Arts and Culture

This survey shows that people prefer printed books – even in the digital age

picture of someone reading a book

Overall, people still prefer ink and paper when it comes to reading a book. Image: Unsplash/Haidan

Felix Richter
Data Journalist, Statista
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Book Club

  • 45% of people bought a printed book last year, compared to the 23% who bought an e-book.
  • This suggests that e-books have the potential to complement the publishing industry and function alongside it - rather than replace it.
  • This chart shows the preference for printed and e-books globally, with e-books being most popular in China.
  • More than half of Germans bought a printed book in 2020.

With smartphones, tablets and e-readers reaching mass adoption over the past few years, many have predicted that printed books would soon become a thing of the past. And while it’s true that people use their electronic devices to read, they still rely heavily on ink and paper when it comes to reading books.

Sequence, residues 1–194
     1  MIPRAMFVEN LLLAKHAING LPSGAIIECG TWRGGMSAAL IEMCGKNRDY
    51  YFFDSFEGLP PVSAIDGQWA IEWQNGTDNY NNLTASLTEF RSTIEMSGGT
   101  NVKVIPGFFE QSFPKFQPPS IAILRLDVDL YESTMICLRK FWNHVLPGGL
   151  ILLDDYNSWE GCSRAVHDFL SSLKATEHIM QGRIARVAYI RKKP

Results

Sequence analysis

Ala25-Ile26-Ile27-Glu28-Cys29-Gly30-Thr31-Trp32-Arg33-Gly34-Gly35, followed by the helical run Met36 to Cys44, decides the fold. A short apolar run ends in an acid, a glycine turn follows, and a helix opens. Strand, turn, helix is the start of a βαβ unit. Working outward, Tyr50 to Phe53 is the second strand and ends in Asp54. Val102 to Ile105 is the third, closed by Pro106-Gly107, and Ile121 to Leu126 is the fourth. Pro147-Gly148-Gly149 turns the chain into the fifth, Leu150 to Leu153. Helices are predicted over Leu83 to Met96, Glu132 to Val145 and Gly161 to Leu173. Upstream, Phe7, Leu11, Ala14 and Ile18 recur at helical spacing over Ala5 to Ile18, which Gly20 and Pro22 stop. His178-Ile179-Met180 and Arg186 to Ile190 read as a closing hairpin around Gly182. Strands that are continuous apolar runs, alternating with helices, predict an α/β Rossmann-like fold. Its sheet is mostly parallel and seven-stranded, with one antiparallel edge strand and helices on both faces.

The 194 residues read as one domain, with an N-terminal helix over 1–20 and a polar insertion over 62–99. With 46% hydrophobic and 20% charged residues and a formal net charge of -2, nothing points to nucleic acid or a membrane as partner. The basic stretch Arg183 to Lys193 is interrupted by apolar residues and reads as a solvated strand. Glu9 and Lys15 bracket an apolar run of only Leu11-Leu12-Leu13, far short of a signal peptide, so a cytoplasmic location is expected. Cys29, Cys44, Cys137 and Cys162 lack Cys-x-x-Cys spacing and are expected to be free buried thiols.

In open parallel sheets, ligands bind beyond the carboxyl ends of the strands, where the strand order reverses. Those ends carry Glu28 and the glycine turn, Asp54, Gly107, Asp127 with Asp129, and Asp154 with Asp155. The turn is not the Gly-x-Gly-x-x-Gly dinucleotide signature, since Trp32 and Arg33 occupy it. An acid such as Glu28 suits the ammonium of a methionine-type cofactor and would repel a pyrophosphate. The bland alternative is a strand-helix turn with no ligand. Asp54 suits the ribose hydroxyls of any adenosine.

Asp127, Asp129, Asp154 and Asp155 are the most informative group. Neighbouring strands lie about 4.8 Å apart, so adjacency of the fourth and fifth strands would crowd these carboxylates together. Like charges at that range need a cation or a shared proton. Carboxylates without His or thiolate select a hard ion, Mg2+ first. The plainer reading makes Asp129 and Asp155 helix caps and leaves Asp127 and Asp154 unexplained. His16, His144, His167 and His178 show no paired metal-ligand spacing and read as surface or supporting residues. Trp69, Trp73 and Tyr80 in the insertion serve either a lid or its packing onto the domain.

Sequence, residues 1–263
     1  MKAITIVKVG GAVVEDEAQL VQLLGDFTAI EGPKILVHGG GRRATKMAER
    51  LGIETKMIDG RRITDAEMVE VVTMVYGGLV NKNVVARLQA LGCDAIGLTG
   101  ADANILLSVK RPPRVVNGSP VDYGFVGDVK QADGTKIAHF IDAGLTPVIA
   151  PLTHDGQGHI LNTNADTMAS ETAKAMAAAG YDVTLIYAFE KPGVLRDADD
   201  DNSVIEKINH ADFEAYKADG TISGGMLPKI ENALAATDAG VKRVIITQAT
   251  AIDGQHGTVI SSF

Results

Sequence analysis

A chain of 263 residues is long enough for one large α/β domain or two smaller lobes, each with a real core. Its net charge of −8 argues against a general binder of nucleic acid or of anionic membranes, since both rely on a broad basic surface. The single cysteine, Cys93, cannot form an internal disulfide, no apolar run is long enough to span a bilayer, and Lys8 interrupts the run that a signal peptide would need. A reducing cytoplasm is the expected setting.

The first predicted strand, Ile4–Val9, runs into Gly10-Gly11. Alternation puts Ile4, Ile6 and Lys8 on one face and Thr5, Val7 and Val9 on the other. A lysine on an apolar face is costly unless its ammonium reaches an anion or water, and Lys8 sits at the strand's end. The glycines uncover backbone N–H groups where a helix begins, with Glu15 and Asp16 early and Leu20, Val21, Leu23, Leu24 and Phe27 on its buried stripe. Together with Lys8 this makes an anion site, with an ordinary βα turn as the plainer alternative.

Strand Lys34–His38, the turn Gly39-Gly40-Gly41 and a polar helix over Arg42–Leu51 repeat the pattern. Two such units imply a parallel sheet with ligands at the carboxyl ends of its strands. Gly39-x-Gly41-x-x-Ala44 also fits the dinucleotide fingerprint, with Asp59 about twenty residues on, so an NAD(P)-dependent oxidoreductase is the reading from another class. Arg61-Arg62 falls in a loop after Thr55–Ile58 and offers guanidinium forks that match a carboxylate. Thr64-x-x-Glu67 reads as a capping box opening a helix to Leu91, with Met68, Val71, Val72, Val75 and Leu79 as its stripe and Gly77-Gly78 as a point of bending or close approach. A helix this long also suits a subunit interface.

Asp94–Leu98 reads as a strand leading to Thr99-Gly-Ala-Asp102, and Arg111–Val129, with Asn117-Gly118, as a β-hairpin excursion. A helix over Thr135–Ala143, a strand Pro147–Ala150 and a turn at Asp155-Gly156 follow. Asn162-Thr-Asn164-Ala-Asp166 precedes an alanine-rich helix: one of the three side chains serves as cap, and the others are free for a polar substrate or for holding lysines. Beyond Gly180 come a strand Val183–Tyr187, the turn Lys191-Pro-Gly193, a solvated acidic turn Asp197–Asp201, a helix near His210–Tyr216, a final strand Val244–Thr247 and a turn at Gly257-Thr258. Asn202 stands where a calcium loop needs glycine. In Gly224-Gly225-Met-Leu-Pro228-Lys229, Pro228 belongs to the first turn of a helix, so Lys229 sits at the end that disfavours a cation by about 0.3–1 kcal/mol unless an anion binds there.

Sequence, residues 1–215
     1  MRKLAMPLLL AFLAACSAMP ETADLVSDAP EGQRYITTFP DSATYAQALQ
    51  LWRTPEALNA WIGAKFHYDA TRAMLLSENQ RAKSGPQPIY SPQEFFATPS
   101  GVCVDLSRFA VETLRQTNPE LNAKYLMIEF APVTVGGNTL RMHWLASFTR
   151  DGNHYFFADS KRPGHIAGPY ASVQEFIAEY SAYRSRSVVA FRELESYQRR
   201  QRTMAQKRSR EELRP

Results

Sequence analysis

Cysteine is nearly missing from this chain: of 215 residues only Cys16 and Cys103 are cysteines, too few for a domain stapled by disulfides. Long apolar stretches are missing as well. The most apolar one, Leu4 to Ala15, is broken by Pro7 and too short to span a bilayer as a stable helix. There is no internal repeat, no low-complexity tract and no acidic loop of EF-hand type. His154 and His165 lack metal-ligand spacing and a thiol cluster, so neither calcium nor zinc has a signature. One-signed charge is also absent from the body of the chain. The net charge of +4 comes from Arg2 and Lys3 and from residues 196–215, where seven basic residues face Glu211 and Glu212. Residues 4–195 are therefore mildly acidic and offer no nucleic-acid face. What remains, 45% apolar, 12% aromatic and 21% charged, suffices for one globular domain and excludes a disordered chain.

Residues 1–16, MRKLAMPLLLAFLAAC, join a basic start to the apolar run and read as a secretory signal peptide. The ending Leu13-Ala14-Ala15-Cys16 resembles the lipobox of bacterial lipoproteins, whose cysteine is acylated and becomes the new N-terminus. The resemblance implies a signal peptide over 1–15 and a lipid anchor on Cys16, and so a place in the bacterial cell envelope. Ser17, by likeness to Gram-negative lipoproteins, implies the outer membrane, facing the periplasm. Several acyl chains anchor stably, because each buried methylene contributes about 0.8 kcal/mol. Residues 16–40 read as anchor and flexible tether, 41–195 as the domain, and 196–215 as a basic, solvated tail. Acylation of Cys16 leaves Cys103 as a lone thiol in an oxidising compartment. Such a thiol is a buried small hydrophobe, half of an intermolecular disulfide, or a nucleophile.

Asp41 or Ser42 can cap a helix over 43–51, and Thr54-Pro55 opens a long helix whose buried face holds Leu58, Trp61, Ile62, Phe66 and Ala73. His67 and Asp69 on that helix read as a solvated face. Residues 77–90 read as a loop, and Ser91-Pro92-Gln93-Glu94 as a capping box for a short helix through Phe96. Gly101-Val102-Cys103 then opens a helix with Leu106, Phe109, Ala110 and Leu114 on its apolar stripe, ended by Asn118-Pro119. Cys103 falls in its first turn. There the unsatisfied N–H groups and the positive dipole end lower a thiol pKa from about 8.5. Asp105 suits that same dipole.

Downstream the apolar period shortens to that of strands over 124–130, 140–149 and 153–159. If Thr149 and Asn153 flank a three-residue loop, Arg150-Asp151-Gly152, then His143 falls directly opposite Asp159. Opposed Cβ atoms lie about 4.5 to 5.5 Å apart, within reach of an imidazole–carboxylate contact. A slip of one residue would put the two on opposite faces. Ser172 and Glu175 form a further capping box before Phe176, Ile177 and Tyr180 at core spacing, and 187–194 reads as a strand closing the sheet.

Have you read?

According to data from Statista’s Advertising & Media Outlook, e-book penetration still trails that of printed books by a wide margin across the globe. In the United States for example, where e-books are very popular in comparison, 23 percent of the population are estimated to have purchased an e-book last year, compared to 45 percent who bought a printed book.


What is the World Economic Forum doing to improve digital intelligence in children?

These findings suggest that e-books will not be the final nail in the coffin of printed books but rather a complementary product that should ultimately benefit the publishing industry. People may grab an e-reader when they head to the beach or commute to work, but as far as actual books go, there’s nothing like the real thing.

a chart showing the estimated share of the population that purchased an e-book VS a printed book in 2020
Studies show that printed books are still the most popular. Image: Statista
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Arts and CultureIndustries in DepthEmerging Technologies
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